Weaving Conversations

TLT Knowledge Log

Learner responsibility?

Posted by C Elizabeth Thomas on August 28, 2006

In the absence of a theory that emerges from the data, then the only measure most will turn to is the measure of ROI/science… this is “dependable” if not flawed. When tied with the plea for sociological study (however ungrounded it is) it makes clear that the study of the social process of engaged learning… specifically using technology for such… is relevant. So… it isn’t necessarily about adoption (by faculty) but perhaps about empowerment of the learner… now they aren’t binary… separate… they are the same… i am learner… i am teacher… i am learned…

The sequence is still not there… but the identification of art v. science in learning design is relevant… it’s an ecology, a system, that all players are part of. Why are we guessing about what works? Why wouldn’t a grounded theory approach… examine the data… see what emereges… work? Why not include the students… beyond the end of semester fill in the blank evaluatoin… can’t they design their own learning? Wouldn’t that open things up to valuable perspectives? How do learning styles play into this notion of connectivism. I feel like students are being lumped…Okay… part 2… keep digging it emerges! Read this!
In a recent post in his connectivism blog, Siemens speaks about the convergence of thought among certain thought leaders of the change necessary in educational process to move to a learning world that is more appropriate to the circumstances in the world. An interesting synopsis shows itself as follows:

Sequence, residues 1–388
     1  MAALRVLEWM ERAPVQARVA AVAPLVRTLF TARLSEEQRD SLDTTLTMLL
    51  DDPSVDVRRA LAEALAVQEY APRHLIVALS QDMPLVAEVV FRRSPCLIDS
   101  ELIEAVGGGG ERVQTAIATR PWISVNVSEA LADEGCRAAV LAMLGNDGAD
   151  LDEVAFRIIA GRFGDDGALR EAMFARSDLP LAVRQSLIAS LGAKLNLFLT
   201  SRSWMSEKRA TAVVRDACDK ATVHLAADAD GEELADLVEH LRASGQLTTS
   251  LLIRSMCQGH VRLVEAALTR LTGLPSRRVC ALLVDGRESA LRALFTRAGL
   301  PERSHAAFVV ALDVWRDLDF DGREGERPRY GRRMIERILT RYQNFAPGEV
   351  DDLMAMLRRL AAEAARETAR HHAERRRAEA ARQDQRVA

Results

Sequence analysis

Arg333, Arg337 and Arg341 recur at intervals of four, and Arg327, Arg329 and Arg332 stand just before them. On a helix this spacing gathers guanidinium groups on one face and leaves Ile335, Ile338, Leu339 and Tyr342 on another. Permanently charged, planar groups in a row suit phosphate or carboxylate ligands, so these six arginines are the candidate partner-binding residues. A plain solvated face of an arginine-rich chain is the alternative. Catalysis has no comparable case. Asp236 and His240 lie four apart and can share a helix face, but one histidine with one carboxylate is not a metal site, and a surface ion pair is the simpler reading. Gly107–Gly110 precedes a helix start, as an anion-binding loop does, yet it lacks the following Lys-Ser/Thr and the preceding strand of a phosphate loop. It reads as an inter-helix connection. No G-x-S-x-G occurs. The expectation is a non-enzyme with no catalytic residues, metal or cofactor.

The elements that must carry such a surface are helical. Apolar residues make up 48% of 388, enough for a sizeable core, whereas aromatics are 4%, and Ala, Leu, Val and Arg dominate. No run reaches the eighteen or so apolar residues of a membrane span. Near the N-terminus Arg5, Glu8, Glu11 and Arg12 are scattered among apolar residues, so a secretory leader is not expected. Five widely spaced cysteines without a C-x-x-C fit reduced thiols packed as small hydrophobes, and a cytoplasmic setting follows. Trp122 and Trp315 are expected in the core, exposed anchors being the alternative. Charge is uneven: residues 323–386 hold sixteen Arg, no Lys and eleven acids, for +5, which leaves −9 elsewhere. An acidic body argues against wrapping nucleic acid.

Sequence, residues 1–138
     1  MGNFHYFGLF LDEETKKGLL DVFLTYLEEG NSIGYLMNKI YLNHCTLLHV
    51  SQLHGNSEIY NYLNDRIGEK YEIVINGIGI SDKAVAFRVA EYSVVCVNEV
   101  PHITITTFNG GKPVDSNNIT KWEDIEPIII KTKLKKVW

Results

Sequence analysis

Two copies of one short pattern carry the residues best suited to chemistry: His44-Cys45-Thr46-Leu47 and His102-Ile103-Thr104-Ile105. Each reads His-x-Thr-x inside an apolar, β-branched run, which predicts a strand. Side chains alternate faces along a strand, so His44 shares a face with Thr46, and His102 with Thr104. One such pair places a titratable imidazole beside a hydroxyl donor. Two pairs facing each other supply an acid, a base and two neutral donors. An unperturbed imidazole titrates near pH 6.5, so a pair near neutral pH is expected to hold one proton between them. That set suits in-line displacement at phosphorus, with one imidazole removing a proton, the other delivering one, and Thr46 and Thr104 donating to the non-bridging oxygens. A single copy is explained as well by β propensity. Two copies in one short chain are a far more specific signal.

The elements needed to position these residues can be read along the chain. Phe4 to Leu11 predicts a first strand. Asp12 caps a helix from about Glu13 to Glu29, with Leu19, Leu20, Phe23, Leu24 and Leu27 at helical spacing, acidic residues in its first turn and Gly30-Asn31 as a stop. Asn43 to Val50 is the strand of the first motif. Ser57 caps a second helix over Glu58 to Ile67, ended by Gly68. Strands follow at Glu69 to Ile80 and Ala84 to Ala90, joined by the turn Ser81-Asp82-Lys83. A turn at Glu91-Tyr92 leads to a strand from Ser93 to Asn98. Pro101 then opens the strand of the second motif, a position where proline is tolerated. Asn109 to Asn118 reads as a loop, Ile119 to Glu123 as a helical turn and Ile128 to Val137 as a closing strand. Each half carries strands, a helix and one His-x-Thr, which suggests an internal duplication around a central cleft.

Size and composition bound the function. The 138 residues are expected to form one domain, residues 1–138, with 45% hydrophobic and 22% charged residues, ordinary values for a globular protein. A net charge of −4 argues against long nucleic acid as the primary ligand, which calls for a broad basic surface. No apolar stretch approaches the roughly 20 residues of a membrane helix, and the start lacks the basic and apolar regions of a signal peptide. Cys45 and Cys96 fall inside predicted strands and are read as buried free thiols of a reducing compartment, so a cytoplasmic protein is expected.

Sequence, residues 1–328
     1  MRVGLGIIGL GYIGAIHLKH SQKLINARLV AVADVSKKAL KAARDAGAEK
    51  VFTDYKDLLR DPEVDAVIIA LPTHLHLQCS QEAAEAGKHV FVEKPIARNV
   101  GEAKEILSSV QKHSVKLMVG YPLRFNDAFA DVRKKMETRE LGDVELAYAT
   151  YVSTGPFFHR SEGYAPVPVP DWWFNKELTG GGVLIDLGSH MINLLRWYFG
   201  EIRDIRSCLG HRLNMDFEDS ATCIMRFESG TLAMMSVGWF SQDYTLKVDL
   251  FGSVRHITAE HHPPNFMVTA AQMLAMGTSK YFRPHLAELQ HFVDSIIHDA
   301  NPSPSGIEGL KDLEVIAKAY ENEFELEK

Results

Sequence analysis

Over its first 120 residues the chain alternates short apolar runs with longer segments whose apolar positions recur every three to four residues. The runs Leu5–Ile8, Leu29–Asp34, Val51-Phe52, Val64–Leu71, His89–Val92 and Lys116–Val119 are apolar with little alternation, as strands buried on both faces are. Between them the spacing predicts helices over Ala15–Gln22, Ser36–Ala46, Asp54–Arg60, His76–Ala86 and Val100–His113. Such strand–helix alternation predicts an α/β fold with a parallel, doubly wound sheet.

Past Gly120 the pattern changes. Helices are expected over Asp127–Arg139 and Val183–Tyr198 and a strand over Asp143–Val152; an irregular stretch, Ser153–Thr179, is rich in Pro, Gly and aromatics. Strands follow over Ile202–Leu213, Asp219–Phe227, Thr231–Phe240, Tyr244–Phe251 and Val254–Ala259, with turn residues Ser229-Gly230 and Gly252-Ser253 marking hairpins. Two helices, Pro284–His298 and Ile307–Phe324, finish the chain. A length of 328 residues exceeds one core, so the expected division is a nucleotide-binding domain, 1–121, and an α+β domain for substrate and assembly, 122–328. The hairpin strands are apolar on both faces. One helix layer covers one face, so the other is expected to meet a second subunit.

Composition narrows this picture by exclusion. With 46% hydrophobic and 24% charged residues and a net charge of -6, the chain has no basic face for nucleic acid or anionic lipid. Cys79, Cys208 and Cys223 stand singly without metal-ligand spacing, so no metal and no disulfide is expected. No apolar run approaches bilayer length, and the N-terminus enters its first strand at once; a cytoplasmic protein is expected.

“I’ve spent the last year talking connectivism (and really stating and restating the basic premise in different ways…Will captures my main message nicely: “knowledge resides in the network, and that to be truly educated these days, we need to know how to leverage that knowledge when we need it. And that we all get smarter as we link to one another and become a part of the conversations that are going on.”).”

He goes on to suggest:

“Creating a compelling vision of the nature of that change is the key task. How do we implement new models of learning? Jay Cross tackles things from a stance of informal learning, Stephen Downes approaches it (partly) from the concept of elearning 2.0, and I approach it from connectivism. We are generally all saying similar things. But how will we move to implementation? How will we transform our learning spaces and structures? What needs to change with our technology? I’ll spend time over the next few months trying to dig deeper with the implementation concerns and opportunities. A sense of inevitability exists about these changes…the way out from our current position, however, is still largely undefined. I would love suggestions or comments relating to steps and directions required for implementation‚Ķ”

Here’s my problem… the point of view is as the professional delivering education… I think. I wonder if that role is becoming obsolete… at least for adult learners. Not that collaboration isn’t important… of course it is! But the lines between the educator and the educating is feels like it can blur if the educating are lead to mechanisms that facilitate management of information and knowledge. Which… by the way… I find the interchange of those words to be quite challenging… information, to me, is quite different that knowledge. I think that’s clear in many postings, but not always in language.


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